WASHINGTON, D.C. – U.S. Senator Tammy Baldwin worked to include a number of measures in the 2022 Water Resources Development Act (WRDA) to strengthen our supply chain and address storm water challenges in Wisconsin. The Senate passed the bipartisan legislation today on a 93-1 vote. WRDA is generally passed every two years and includes important provisions on US Army Corps activities relating to flood control, navigation, and ecosystem restoration.
“The provisions I supported in this bipartisan legislation will support Wisconsin in dealing with the impacts of climate change while investing in our water highways that are so essential for our Made in Wisconsin economy,” said Senator Baldwin. “I am proud that we are working together to change how communities respond to water crises and improve the health and infrastructure of our water ways system for Wisconsin farmers, businesses and future generations.”
Milwaukee Storm Water Management: The 2022 Water Resources Development Act authorized $4.5 for storm water management in Milwaukee. The funding will help provide a reduction of combined sewer overflows and better help Metropolitan Milwaukee Sewage District respond to the impacts of climate change.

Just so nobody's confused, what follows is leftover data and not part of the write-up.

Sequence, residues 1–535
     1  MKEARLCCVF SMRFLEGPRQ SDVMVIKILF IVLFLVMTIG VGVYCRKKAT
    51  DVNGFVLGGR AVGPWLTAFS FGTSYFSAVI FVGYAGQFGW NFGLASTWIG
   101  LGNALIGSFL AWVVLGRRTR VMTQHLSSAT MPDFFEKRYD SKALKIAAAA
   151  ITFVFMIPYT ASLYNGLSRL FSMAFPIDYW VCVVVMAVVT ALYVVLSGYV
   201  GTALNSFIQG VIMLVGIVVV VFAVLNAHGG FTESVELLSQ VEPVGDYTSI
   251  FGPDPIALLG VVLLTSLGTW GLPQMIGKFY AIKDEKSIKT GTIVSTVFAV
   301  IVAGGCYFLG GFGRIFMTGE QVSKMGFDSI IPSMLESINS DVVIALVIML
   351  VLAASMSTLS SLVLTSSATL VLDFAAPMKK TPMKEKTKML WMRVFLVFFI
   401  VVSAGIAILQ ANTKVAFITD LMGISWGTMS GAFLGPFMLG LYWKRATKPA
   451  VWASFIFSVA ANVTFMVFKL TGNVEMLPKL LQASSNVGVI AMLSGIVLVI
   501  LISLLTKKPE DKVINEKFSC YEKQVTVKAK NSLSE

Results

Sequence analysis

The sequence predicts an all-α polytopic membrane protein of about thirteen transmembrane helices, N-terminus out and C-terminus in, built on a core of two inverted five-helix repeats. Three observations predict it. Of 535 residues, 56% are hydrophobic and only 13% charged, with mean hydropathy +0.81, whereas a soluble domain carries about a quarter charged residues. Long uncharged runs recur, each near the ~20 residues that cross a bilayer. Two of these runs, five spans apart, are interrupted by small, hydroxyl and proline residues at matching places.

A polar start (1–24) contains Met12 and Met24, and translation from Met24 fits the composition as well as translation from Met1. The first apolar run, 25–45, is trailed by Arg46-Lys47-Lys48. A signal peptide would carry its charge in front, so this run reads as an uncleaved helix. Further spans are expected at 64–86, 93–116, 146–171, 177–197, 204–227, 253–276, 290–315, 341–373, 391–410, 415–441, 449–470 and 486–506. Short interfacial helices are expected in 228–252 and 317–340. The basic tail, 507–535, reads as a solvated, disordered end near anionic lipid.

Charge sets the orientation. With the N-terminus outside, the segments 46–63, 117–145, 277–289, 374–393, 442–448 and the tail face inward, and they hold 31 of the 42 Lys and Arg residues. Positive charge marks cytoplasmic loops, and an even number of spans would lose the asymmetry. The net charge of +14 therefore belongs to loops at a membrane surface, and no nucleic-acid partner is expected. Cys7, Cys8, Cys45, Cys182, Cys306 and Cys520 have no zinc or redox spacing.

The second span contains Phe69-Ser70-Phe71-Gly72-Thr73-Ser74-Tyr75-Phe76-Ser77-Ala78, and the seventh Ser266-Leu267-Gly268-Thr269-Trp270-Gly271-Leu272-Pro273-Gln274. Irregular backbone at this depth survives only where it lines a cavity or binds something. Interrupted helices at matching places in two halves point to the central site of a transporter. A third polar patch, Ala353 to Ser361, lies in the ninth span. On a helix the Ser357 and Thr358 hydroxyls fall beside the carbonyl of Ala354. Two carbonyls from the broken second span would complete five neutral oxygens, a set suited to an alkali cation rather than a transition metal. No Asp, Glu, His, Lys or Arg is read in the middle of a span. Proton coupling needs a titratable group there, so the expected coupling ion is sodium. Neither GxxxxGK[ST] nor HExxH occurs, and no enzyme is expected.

Fox-Wolf Basin Watershed Study: The bipartisan legislation also includes funding for the US Army Corps to conduct a study on the Fox-Wolf Basin Watershed. The Upper Fox and Wolf River Basins are two separate basins that converge within a series of pool lakes in Winnebago County before finally flowing collectively into Lake Winnebago. The study will provide valuable insight for water resource management, given the recent rise in Lake Winnebago during storm events and following spring snow melt.
Water Level Management on Upper Mississippi River: The WRDA legislation will require U.S. Army Corps of Engineers to submit a report on opportunities to expand the use of water level management on the Upper Mississippi River for ecosystem restoration. The Upper Mississippi River is a vital ecosystem and artery for commerce and recreation for Wisconsin.
Brandon Road Lock and Dam Project: Funding will be increased for the Brandon Road Lock and Dam Project, with the federal cost share being raised from 80 percent to 90 percent. This project is critical to stopping invasive species like Asian Carp from reaching the Great Lakes, which threatens the region’s economic and ecological livelihood.